Bioenergy analysts Heather Youngs and Caroline Taylor, who work at the Energy
Bioscience Institute, University of California, Berkeley, write that the Farms of the Future will include a role for energy crops. They discuss the development of production networks that will need to be developed and and also talk about the technical barriers of biomass production that could threaten the establishment of the supply networks.
It’s difficult to reflect on the farm of the future without including a role for energy crops. Recent policy shifts toward renewable energy are opening up new opportunities for farmers to diversify their crops and bring idle land back into production. As a result, farm practices will have an enormous impact on the economic viability and commercial development of next-generation bioenergy.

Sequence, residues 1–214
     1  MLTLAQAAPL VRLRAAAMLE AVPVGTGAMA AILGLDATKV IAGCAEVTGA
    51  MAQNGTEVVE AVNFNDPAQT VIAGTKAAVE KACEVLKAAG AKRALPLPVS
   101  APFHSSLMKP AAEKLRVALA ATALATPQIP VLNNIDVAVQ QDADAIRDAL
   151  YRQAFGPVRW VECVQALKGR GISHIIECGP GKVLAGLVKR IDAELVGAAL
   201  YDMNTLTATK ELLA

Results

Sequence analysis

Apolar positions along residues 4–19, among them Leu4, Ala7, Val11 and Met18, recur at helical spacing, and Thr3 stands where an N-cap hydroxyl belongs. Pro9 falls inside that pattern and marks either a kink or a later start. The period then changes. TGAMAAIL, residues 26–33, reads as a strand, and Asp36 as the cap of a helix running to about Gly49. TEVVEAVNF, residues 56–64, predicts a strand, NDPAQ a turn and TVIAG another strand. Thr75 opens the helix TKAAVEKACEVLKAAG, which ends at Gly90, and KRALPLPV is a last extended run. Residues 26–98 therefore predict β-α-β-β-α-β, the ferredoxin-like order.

The development of new bioenergy feedstocks, whether dedicated crops or harvest residues, requires a concomitant development of production networks and market demand. In the bioenergy sector, two main organizational structures link the biomass supply to the energy producer: vertical integration (which occurs when the bioenergy producer supplies the feedstock in-house) and procurement systems (in which feedstocks are supplied from biomass producers to bioenergy producers by means of spot markets or contracts). The relative balance of these two strategies reflects their technical difficulties, perceived risks, and marginal economies.
Forward vertical integration is by far the most common strategy in bioelectricity production. When the technical expertise required for competitive biomass production is a barrier but the conversion technology is well established, biomass producers may move into energy production (for example, electricity production by forest products companies, addition of ethanol refining to sugar mills, and installation of anaerobic digesters at dairy farms to produce biogas). This internalizes the cost savings but also confines the supply risk entirely to the energy producer.
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